trademark law

Trademark Series: The Doctrine of Foreign Equivalents

From time to time, we run into proposed trademarks that are in another language. This generally starts a conversation about the doctrine of foreign equivalents. The doctrine of foreign equivalents requires that foreign words be translated into English to determine if there is a likelihood of consumer confusion with a mark already registered or to determine if the applied-for mark is descriptive or generic. When applicants apply for a mark in a different language, they are expected to provide the translation of the mark or else the examining attorney will seek the relevance of the applied-for mark.

There is often question about when the doctrine is applied.  It’s applied when the “ordinary American purchaser” would “stop and translate” the foreign wording in a mark. That isn’t terribly helpful on its own.  It has been clarified that the “ordinary American purchaser” isn’t the average American, but rather is […]

By |April 18th, 2014|Blog|0 Comments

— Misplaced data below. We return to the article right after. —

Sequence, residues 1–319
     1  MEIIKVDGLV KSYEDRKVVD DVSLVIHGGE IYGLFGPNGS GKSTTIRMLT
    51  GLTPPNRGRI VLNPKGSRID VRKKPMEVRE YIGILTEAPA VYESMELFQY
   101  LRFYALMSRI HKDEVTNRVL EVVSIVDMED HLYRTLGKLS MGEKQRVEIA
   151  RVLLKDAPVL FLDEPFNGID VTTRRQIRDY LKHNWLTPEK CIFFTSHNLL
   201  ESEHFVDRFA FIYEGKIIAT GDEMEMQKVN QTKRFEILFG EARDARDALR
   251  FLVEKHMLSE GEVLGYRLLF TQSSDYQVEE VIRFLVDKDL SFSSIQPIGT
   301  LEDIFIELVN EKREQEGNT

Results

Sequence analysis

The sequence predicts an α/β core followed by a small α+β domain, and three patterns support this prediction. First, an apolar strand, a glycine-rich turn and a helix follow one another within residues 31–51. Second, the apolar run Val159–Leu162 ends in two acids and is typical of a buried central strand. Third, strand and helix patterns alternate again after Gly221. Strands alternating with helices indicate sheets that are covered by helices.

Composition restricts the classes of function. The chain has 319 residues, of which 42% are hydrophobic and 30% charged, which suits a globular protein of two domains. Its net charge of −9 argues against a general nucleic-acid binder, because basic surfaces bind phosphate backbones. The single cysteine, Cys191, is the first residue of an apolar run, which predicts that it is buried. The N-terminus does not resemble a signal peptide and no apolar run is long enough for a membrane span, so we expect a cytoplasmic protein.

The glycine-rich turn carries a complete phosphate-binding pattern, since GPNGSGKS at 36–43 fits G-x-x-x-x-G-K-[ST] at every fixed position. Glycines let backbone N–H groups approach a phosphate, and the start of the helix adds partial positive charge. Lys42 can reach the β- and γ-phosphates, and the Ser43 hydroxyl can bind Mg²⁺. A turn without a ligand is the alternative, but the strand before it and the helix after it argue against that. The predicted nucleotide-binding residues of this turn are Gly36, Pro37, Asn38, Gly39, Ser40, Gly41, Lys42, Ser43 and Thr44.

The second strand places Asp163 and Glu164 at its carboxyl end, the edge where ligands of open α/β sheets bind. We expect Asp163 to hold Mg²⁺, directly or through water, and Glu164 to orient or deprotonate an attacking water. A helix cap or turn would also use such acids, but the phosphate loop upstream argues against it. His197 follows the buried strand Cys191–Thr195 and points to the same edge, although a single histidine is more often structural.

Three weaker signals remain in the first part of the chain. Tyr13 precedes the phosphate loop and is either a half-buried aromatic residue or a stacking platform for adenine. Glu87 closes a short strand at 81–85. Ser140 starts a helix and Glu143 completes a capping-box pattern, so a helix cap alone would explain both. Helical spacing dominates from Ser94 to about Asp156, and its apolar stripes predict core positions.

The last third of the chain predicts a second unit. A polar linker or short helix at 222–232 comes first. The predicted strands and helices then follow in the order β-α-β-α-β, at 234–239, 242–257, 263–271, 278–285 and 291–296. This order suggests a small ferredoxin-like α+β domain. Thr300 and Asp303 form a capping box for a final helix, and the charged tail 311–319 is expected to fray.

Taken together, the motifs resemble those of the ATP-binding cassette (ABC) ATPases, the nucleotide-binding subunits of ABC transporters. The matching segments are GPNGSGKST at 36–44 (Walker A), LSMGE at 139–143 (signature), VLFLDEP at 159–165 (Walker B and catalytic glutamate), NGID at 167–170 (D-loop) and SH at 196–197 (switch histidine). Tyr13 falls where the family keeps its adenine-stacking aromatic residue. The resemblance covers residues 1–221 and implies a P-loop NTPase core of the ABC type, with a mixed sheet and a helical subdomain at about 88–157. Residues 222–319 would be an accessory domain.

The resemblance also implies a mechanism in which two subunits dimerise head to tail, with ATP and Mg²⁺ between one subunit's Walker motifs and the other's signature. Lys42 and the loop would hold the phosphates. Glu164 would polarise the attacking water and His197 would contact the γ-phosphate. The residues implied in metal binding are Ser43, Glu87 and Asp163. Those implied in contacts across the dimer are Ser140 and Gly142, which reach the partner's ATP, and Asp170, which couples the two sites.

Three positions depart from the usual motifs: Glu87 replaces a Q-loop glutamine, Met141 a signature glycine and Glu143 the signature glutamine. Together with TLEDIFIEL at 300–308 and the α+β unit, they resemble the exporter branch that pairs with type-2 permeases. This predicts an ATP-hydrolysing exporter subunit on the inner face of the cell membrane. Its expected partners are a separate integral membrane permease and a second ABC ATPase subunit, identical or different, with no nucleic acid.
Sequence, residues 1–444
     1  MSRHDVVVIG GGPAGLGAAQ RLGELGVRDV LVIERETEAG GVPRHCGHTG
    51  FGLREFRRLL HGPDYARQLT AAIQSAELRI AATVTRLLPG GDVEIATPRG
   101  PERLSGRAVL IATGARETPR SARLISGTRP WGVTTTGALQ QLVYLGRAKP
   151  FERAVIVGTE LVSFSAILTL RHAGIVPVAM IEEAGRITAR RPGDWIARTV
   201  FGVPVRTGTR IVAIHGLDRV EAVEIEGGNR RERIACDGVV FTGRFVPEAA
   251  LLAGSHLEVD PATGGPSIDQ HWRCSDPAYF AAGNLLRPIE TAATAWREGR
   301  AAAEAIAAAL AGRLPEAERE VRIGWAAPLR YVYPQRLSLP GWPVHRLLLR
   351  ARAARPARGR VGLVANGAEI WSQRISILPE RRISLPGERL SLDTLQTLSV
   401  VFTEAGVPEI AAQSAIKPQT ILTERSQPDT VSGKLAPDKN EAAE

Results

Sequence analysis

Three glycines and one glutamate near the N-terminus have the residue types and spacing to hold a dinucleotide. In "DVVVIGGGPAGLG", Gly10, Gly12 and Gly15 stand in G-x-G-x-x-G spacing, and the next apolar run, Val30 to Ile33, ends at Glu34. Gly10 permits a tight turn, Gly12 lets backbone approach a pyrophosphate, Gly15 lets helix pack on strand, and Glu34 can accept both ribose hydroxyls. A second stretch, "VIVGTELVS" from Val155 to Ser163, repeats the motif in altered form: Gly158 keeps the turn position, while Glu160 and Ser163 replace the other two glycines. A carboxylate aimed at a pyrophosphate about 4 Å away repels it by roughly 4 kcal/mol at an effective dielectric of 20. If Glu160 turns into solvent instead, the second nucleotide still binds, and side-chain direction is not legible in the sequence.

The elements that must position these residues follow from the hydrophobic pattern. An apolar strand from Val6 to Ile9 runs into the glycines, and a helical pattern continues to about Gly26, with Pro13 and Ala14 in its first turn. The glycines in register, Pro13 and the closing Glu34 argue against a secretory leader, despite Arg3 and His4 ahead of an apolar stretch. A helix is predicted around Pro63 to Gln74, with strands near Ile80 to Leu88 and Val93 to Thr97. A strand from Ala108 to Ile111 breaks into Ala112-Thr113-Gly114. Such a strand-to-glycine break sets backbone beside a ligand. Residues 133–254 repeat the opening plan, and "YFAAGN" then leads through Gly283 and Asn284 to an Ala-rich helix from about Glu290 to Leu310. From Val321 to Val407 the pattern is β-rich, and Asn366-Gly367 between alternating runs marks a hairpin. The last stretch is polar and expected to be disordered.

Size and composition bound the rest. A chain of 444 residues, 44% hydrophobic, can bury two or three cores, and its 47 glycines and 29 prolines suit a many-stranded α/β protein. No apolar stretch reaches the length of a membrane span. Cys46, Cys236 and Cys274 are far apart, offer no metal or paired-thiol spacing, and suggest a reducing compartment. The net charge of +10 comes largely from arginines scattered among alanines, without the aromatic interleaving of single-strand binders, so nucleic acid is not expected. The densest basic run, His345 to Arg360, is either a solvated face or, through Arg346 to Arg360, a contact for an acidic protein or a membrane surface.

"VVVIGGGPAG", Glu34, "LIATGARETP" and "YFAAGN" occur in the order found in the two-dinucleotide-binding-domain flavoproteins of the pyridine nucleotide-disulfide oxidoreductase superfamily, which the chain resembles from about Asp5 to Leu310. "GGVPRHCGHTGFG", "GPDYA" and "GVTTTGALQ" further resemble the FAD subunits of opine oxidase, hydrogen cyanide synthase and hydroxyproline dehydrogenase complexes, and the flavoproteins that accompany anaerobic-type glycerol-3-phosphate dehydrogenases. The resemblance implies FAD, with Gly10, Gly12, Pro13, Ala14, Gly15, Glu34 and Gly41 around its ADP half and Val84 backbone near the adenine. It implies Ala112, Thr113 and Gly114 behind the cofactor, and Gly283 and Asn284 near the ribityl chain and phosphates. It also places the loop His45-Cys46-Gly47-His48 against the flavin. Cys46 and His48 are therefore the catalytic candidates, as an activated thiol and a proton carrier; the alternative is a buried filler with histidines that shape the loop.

The Geographically Descriptive Trademark

I was recently in Boston and had some great beer. Something I saw on that trip and then a discussion I had with David Minsky of the Broward/Palm Beach New Times inspired this article. David and I spoke about the recent trend of cease-and-desist letters in the brewing industry and whether it may soon affect South Florida’s breweries that are seeking to trademark names like Miami Pale Ale and Miami Brewing Company. As I drove through a few towns north of Boston, I passed Boston Beer Works and thought people might assume that Boston Beer Company, the company behind Sam Adams and Angry Orchard, was also behind Boston Beer Works. Boston Beer didn’t want people thinking that was the case. It sued Boston Beer Works twenty years ago for trademark infringement. I’ll get to that. First, some background on the relevant law.

Trademarks may fall within four categories with respect […]

By |January 3rd, 2014|Blog|0 Comments